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Thursday, June 14, 2012

Another Doomsday scenario from a mainstream paper on the Euro breakup

Blogmans' Notes: We keep hearing how the world will come to an end if the Euro breaks up when the Euro is not even 20 years old. The world or Europe or at least some countries in Europe have lasted a whole lot longer without the Euro, and will go on without it. I am sure there will be much pain in case of this currency crashes as is the case in all currency crashes but nations and the world have survived fiscal / monetary disasters in the past and I'm sure life will go on for the citizens of Europe, and of the world if the Euro does break apart. I am now of the opinion that whatever doomsday scenario the PTB present, it is the opposite of that which is the most beneficial for the masses. So a breakup of the Euro would be the best for the citizens of Euroland in the long run but it would be disastrous for the big banks and politicians. However the only real solution is to allow big banks to fail and for corrupt politicians to be flushed out of the system. Only then will there be hope for the masses. Sadly I do not see the world going down this road; so much pain awaits the masses. The elites have their bunkers well stocked with champagne and caviar; they will do just fine, at least until they have the face the Judge in the Highest Court in the Universe on the Day of Judgment. I sure would not want to be in their shoes on that day!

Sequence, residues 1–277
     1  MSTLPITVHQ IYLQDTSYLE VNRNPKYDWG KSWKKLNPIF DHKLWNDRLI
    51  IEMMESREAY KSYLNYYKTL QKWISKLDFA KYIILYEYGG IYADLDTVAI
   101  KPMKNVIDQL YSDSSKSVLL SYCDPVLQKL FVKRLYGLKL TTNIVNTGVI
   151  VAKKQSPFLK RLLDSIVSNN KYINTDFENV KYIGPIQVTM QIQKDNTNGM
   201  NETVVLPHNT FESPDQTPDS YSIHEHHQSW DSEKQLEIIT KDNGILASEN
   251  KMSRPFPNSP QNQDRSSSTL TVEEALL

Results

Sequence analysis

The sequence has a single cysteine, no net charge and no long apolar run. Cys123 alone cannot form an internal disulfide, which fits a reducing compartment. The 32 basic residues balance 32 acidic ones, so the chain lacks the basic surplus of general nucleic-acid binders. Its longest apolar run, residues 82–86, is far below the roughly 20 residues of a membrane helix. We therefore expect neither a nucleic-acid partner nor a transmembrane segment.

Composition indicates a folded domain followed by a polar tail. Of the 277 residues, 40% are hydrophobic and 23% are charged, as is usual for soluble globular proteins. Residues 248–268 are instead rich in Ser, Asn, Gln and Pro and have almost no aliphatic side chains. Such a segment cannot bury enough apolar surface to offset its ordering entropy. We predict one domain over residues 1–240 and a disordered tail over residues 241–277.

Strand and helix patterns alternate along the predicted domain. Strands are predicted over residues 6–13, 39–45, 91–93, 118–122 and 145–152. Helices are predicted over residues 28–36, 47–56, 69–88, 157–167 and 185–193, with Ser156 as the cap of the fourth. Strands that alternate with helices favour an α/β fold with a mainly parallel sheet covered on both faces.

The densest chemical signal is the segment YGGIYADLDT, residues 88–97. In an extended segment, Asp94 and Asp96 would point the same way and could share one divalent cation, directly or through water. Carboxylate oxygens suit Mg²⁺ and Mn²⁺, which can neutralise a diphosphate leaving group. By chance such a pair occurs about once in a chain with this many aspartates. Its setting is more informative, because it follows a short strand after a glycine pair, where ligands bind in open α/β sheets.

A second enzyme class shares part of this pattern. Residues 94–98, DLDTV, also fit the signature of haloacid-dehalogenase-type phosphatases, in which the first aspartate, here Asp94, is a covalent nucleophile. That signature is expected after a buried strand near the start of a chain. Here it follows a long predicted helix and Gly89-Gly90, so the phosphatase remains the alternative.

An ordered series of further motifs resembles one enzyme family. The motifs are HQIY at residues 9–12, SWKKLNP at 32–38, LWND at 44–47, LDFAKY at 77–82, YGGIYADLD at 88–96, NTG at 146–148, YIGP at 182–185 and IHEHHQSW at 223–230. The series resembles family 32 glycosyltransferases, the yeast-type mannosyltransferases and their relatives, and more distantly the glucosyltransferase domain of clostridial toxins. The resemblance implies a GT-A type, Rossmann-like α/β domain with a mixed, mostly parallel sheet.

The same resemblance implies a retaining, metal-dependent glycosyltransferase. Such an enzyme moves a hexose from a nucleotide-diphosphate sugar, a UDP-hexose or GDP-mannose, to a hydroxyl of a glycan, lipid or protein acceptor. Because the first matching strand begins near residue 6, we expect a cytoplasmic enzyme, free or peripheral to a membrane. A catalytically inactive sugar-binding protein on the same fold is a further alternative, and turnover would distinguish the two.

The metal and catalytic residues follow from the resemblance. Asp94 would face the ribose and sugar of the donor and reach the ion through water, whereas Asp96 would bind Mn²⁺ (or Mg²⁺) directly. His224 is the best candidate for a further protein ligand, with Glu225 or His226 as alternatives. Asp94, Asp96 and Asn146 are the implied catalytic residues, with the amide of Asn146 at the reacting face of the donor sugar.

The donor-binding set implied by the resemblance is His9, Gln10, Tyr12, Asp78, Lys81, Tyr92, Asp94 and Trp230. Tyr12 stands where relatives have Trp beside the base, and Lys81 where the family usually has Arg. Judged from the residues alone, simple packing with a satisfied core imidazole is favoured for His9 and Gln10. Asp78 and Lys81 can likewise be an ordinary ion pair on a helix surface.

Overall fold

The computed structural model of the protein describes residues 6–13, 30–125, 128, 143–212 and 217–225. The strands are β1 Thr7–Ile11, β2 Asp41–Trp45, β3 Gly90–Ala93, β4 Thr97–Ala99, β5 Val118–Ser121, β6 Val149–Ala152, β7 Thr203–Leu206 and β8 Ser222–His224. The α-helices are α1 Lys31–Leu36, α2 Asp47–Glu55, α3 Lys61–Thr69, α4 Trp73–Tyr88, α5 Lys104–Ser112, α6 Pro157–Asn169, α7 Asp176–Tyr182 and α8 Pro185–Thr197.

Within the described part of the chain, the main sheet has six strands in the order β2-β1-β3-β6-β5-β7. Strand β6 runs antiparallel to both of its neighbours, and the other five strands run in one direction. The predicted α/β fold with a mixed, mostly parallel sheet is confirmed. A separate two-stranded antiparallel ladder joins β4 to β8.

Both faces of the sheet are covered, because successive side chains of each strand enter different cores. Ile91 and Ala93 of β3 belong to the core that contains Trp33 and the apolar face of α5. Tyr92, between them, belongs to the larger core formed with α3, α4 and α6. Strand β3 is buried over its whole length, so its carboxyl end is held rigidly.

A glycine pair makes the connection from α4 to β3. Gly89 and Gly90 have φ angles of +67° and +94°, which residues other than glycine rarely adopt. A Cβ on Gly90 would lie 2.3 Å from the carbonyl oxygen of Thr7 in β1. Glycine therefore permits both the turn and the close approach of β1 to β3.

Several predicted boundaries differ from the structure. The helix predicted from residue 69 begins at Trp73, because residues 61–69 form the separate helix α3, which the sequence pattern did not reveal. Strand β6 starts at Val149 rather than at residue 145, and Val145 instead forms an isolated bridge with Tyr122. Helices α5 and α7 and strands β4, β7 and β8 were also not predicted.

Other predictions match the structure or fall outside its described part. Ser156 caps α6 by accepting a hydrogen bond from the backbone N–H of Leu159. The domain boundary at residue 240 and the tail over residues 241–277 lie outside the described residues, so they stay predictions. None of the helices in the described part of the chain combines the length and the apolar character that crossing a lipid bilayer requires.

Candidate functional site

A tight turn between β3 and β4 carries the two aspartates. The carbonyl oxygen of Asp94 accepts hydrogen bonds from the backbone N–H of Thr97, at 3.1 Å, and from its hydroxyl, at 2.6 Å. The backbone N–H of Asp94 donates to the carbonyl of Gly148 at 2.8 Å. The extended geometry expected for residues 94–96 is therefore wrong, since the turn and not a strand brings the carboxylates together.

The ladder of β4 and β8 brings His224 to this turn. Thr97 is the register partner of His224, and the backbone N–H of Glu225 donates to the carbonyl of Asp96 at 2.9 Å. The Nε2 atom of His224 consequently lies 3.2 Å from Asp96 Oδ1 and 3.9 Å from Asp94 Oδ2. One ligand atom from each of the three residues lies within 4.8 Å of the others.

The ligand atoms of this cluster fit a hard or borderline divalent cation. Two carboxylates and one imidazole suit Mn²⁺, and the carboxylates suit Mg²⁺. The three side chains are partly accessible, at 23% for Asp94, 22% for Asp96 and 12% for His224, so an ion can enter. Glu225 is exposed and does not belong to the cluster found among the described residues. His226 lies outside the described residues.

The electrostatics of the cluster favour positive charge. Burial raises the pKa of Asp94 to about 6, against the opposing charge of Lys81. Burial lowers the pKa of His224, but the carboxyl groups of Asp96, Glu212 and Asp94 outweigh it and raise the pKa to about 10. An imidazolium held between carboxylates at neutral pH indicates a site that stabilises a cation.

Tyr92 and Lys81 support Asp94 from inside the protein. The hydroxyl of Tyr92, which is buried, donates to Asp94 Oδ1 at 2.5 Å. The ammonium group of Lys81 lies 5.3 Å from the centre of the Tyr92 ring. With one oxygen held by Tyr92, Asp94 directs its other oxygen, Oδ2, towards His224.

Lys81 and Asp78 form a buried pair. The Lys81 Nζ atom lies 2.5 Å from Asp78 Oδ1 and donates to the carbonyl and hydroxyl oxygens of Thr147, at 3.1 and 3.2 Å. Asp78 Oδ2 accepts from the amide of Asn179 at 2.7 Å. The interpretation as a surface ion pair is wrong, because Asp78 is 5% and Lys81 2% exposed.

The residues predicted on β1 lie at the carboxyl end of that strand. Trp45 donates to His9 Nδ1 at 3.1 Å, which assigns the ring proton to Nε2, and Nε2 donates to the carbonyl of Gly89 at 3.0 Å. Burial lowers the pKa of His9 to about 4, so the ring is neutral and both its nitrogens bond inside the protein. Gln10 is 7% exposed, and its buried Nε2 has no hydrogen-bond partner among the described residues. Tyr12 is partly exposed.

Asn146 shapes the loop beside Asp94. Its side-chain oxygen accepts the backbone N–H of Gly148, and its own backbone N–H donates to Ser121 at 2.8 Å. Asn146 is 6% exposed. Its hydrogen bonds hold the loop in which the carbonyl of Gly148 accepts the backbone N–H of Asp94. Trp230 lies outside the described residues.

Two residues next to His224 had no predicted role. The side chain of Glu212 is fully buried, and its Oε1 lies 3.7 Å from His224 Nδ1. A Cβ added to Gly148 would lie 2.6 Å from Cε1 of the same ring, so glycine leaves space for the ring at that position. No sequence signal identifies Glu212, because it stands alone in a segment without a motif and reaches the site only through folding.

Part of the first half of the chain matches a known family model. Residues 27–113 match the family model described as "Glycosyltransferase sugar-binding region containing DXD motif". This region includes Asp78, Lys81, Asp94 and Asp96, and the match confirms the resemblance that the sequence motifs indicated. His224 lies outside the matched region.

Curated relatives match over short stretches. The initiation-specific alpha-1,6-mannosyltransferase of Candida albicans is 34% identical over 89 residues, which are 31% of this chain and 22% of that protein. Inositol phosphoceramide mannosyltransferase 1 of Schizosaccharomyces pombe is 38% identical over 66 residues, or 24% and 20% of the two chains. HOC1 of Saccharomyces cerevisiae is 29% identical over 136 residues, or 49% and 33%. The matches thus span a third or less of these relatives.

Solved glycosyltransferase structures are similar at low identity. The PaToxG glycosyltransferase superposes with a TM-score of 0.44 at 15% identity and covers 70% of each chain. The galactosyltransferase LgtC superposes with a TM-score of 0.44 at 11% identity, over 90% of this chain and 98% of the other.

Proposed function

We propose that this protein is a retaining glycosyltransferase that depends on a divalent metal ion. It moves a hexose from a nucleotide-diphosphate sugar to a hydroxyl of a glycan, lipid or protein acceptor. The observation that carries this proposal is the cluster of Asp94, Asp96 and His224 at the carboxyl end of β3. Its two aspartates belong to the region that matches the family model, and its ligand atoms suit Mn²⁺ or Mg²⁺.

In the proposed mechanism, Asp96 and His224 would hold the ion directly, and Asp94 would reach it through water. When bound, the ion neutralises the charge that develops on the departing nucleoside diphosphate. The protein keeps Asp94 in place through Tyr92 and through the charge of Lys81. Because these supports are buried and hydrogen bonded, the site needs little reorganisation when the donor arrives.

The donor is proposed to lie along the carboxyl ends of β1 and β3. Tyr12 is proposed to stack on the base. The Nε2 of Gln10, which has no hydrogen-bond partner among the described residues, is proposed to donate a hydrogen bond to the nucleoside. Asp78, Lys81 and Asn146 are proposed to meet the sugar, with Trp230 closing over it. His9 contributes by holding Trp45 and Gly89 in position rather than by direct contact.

Few large eurozone banks would be left standing and the banking sector could face a €370bn (£298bn) lossif the euro crisis results in the single currency bloc breaking apart, according to one of the first indepth analyses of what might happen if the eurozone disintegrates.
The analysis by Credit Suisse estimates that up to 58% of the value ofEurope's banks could be wiped out by the departure of the "peripheral" countries - Greece, Ireland, Italy, Portugal and Spain - from the eurozone.
Even if the single currency remains intact some €1.3tn of credit could be sucked out of the system as banks retrench to their home markets, unwinding years of financial integration, the Credit Suisse analysis warns. his represents as much as 10% of the credit in the financial system.
"We find that a Greek exit could be manageable ... but in a peripheral exit, few of the large listed eurozone banks would be left standing," the Credit Suisse report said.

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